The replica of the George Washington Bridge in the background, while looking like a perspective bridge, was actually a flat one-inch-thick wood cutout in perspective, with painted details, framed with steel tube and suspended with cables, hanging in front of the drop.

“You had the translucent drop with back painting — this flat, suspended cutout of the bridge — and the combined picture created the illusion that it was dimensional,” says Louizos. “On that bridge structure, I had little lights installed on the curved sweep of the bridge and little red lights on the towers to reflect the bridge at night. Then, suspended another couple feet downstage of the bridge, was a black scrim. The scrim is a wonderful thing on stage, because it helps you create a ‘gauzy filter’ to create distance. You don’t see all the hard details that are on the drop. It creates a soft filter so that the lighting designer can control how much of the drop you can see, based on how much light gets thrown on the drop.

“There are a lot of wonderful little tricks that people have developed over the years from doing this. The lighting designer even hit the scrim a little bit with these gobos that looked like clouds. You had this double layer — you had this texture on the scrim and this lit backdrop.”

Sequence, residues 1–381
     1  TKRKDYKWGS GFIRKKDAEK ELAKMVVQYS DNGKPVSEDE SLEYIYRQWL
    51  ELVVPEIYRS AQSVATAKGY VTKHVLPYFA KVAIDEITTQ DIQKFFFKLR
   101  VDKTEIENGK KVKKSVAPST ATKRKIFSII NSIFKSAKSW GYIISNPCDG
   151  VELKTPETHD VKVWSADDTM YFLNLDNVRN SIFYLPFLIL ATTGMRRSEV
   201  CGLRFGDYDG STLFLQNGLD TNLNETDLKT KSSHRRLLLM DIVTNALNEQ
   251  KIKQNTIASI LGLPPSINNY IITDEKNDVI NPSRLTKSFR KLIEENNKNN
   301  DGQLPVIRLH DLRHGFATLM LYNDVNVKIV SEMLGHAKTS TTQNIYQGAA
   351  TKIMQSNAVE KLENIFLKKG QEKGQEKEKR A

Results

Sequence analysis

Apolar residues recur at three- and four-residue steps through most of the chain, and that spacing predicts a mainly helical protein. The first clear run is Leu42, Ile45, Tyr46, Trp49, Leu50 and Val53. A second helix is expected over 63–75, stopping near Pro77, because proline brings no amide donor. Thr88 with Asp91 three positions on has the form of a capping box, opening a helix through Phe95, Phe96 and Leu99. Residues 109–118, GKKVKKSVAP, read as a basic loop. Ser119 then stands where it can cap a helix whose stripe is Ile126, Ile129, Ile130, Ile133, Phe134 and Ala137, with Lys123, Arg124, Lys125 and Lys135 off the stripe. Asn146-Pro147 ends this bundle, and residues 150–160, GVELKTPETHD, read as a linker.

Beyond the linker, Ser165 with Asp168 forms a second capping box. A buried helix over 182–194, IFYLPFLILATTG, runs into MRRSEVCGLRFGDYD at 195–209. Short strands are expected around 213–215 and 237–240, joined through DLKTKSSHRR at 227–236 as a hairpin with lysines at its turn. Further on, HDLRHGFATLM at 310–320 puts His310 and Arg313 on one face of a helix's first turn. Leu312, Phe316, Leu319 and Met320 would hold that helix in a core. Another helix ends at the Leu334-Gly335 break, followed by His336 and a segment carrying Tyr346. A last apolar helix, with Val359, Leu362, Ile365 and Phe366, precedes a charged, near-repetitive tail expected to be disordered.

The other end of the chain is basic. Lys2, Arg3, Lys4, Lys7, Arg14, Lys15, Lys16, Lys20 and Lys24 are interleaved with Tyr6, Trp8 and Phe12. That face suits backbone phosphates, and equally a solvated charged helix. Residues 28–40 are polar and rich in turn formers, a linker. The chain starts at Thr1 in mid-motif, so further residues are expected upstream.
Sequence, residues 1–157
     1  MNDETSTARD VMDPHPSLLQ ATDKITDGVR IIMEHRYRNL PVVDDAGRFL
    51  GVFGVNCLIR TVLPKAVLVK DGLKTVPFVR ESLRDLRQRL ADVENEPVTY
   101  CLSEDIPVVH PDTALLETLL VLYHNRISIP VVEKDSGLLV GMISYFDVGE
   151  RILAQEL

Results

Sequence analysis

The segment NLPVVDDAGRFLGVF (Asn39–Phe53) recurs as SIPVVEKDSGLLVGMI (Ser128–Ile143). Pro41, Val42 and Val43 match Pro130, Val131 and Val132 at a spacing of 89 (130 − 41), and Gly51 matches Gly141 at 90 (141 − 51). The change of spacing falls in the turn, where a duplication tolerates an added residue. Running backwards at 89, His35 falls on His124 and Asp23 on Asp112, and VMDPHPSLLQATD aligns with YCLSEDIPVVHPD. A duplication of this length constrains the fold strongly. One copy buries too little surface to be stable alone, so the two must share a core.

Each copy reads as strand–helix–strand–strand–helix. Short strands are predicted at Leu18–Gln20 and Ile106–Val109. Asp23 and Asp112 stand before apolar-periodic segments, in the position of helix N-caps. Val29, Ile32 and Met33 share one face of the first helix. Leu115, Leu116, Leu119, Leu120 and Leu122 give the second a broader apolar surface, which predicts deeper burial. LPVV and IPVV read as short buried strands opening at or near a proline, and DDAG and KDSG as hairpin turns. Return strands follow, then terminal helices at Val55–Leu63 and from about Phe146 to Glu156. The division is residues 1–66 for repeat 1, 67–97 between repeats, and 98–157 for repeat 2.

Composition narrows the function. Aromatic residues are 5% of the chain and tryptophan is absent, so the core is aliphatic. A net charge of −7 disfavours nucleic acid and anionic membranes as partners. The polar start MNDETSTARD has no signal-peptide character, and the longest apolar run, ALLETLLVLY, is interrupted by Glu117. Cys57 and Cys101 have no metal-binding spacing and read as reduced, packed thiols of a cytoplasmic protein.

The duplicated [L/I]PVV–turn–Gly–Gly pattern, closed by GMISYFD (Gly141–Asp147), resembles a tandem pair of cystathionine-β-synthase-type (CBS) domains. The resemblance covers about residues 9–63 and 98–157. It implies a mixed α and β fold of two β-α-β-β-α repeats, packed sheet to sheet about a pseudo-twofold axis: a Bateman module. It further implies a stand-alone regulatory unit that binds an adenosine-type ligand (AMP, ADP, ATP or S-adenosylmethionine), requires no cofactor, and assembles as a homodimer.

Anna Louizos’ shadowy, back-lit drop from The Mystery Of Edwin Drood.

Louizos’ background designs for The Mystery of Edwin Drood on Broadway in 2012 were comprised almost entirely of painted drops. “I think it was really fun for the scenic artists, because they don’t get to do that a lot — old-fashioned, painted scenery,” says Louizos. She and her team played with translucency a lot, back painting certain areas and allowing certain parts of the drops to be translucent. Many of the drops had windows, which required back painting on the buildings. Locations like “High Street” and “Minor Canon Corner” played in both daytime and nighttime scenes, so translucency was key.


Anna Louizos’ gothic, backlit drop from The Mystery Of Edwin Drood